all the castles I have built turn into pieces of floating dust.”
Special mention should go to the luscious vocal harmony arrangement and the superb production as a whole.

Time is Now, featuring vocals this time from Chloe Kay, is the EP’s most radical and experimental track, merging Kate Bush-style mysticism with hard hitting DnB beats. It’s a rollercoaster ride of a track with a sonic surprise round every corner. Lyrically, it’s about the struggle to stay positive when you’re chasing a dream: “Still believing, what I want’s just out of reach, blood, sweat and tears but it’s a brand new day….”.

Final track Step Aside II (Honey) is like a sequel to the EP’s opener. At a similar tempo and containing striking rapid fire hi-hats once again, it’s otherwise a very different kind of track. Set to a sensual groove, the vocals have a similarly sexy quality, the subtle low end guitar once again bringing to mind the West Coast vibe of Lana Del Rey. Providing the earthy yang to the opening track’s yin, it completes the EP in fine style.

Overall, the six tracks on Tides and… capture Allan Vilhan’s gifts as songwriter and producer in this particular genre. It also allows a variety of gifted female vocalists from around the globe to contribute (not forgetting the rap skills of Guyku) and the result is finely crafted electronica tracks that incorporate sub genres like house, trance, trip hop and even drum ‘n bass into the musical melting pot. With strong commercial appeal and a largely radio friendly sound, Blue MOON Science could become a real heavyweight and major success in the global EDM scene.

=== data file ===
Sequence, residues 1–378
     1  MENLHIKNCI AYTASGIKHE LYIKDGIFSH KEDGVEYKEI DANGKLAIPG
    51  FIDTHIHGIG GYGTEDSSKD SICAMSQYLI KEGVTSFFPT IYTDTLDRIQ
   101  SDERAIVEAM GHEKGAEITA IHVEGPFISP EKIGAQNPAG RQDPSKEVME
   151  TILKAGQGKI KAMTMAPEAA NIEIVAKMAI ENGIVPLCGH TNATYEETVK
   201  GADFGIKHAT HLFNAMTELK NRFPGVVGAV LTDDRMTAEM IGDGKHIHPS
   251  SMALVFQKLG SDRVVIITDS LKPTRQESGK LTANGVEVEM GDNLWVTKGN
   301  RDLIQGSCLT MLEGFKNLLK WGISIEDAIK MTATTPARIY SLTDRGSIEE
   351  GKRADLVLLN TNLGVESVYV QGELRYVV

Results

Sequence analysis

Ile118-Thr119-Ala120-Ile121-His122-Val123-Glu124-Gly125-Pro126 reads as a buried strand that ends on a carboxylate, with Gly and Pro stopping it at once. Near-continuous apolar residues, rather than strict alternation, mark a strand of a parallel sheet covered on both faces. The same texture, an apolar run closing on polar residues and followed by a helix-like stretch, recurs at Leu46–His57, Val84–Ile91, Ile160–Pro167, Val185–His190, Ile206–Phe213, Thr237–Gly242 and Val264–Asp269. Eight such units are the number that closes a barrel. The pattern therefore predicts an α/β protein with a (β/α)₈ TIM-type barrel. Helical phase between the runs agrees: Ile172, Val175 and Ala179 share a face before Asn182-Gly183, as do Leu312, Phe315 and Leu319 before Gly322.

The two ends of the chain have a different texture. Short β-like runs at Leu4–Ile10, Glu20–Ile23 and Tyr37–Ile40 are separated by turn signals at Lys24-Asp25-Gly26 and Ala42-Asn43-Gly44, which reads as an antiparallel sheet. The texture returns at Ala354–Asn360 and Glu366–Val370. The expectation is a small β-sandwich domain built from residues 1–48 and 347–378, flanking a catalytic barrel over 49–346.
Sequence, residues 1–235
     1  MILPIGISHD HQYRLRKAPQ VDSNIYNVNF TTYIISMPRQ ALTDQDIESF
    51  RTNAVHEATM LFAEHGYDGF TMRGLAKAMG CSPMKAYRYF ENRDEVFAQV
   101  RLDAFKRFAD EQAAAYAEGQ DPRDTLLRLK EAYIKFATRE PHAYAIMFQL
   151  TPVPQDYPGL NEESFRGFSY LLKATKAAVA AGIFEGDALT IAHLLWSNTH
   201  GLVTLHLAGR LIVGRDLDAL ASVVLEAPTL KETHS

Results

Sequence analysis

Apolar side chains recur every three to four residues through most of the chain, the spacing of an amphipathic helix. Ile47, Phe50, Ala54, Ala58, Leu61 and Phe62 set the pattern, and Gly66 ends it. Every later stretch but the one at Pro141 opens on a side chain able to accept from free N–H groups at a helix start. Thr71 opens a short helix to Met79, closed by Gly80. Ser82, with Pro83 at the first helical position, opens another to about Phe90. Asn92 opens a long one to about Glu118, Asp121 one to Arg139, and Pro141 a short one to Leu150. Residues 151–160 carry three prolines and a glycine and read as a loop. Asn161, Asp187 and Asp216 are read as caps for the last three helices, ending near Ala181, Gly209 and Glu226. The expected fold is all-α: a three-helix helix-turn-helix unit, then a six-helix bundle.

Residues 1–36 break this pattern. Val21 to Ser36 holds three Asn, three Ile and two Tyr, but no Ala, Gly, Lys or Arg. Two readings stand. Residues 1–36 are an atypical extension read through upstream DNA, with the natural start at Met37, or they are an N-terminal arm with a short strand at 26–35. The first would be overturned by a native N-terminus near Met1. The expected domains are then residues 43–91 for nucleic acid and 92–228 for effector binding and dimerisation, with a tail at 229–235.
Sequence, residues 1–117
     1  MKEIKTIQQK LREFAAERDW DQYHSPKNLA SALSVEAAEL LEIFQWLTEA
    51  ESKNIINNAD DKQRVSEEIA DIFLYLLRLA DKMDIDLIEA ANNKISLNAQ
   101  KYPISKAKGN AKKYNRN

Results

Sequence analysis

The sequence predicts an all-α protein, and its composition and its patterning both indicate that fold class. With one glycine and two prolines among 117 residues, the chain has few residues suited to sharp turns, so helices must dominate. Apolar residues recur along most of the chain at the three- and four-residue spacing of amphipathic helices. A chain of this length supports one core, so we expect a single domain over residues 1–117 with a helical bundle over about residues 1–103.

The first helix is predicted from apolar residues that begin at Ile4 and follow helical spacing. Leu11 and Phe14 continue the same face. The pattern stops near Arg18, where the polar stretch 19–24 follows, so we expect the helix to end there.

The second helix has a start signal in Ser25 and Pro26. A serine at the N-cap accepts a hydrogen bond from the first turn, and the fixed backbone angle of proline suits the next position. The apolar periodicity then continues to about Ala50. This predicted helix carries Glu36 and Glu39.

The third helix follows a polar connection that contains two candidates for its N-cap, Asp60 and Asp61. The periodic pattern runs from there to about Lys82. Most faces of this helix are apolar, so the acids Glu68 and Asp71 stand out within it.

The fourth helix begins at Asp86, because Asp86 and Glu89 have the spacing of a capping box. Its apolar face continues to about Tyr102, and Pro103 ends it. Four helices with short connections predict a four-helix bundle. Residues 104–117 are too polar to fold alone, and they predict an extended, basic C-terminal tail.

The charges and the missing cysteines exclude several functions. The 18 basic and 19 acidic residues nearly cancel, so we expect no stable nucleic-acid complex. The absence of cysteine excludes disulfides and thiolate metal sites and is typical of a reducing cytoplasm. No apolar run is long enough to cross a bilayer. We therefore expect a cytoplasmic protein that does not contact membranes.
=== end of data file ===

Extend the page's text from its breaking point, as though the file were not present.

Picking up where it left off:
VERDICT = 9.1 out of 10

Alex Faulkner

SINGLE REVIEW: What Matters by Sienna



Sienna is an avant-garde EDM artist who is currently based in Norway but originally hails from Japan. Her music is an inventive meld of electronica, house, jazz and traditional-contemporary Japanese. She has performed extensively across Europe over a 10 year period as both a performer and DJ. She has collaborated with renowned artists like Nils Petter Molvaer, a psychedelic trumpeter from Norway, Mick Karn, an English bassist (now deceased) and famous group The Crazy World of Arthur Brown, whom she opened for in the UK on several occasions.

This song, What Matters, is a wonderful showcase for her unique musical sound. It’s a six minute alternative electronica track that floats serenely over a blissfully laid back beat. Starting with Sienna’s evocative and distinctive vocals, she is joined by sparse but effective percussion and pulsing kick as well as subtle, ethereal synths. We also hear an exotic, Japanese instrument somewhat reminiscent of a sitar.

As the song progresses, the arrangement builds gradually with flourishes of delay-drenched piano and around the four minute mark the drums progress to a full beat. This languid groove syncs perfectly with the vocal melody, which is augmented by tight backing harmonies.